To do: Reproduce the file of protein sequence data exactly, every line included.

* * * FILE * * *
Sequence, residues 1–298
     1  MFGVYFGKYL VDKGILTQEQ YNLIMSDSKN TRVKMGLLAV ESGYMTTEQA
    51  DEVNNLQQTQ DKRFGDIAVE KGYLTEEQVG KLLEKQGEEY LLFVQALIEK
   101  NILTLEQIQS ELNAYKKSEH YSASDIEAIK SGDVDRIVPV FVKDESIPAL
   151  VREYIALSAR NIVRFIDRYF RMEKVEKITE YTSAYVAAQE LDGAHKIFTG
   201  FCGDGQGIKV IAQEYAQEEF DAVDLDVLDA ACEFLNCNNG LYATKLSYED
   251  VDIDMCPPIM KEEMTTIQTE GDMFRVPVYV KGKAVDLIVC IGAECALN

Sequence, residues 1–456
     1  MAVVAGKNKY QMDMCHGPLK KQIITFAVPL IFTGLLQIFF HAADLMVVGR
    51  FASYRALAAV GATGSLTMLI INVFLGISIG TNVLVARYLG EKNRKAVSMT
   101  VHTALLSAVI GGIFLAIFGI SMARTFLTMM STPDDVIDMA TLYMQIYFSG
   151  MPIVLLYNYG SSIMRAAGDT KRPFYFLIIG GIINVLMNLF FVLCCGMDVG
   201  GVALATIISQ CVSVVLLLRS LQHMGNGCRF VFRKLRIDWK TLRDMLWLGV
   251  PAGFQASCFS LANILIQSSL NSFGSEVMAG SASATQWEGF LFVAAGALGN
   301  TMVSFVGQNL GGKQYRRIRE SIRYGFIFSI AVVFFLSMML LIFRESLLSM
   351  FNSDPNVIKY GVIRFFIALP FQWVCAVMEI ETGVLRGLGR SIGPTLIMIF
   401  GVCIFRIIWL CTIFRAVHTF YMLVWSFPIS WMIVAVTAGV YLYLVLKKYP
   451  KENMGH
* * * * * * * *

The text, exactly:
Sequence, residues 1–298
     1  MFGVYFGKYL VDKGILTQEQ YNLIMSDSKN TRVKMGLLAV ESGYMTTEQA
    51  DEVNNLQQTQ DKRFGDIAVE KGYLTEEQVG KLLEKQGEEY LLFVQALIEK
   101  NILTLEQIQS ELNAYKKSEH YSASDIEAIK SGDVDRIVPV FVKDESIPAL
   151  VREYIALSAR NIVRFIDRYF RMEKVEKITE YTSAYVAAQE LDGAHKIFTG
   201  FCGDGQGIKV IAQEYAQEEF DAVDLDVLDA ACEFLNCNNG LYATKLSYED
   251  VDIDMCPPIM KEEMTTIQTE GDMFRVPVYV KGKAVDLIVC IGAECALN

Sequence, residues 1–456
     1  MAVVAGKNKY QMDMCHGPLK KQIITFAVPL IFTGLLQIFF HAADLMVVGR
    51  FASYRALAAV GATGSLTMLI INVFLGISIG TNVLVARYLG EKNRKAVSMT
   101  VHTALLSAVI GGIFLAIFGI SMARTFLTMM STPDDVIDMA TLYMQIYFSG
   151  MPIVLLYNYG SSIMRAAGDT KRPFYFLIIG GIINVLMNLF FVLCCGMDVG
   201  GVALATIISQ CVSVVLLLRS LQHMGNGCRF VFRKLRIDWK TLRDMLWLGV
   251  PAGFQASCFS LANILIQSSL NSFGSEVMAG SASATQWEGF LFVAAGALGN
   301  TMVSFVGQNL GGKQYRRIRE SIRYGFIFSI AVVFFLSMML LIFRESLLSM
   351  FNSDPNVIKY GVIRFFIALP FQWVCAVMEI ETGVLRGLGR SIGPTLIMIF
   401  GVCIFRIIWL CTIFRAVHTF YMLVWSFPIS WMIVAVTAGV YLYLVLKKYP
   451  KENMGH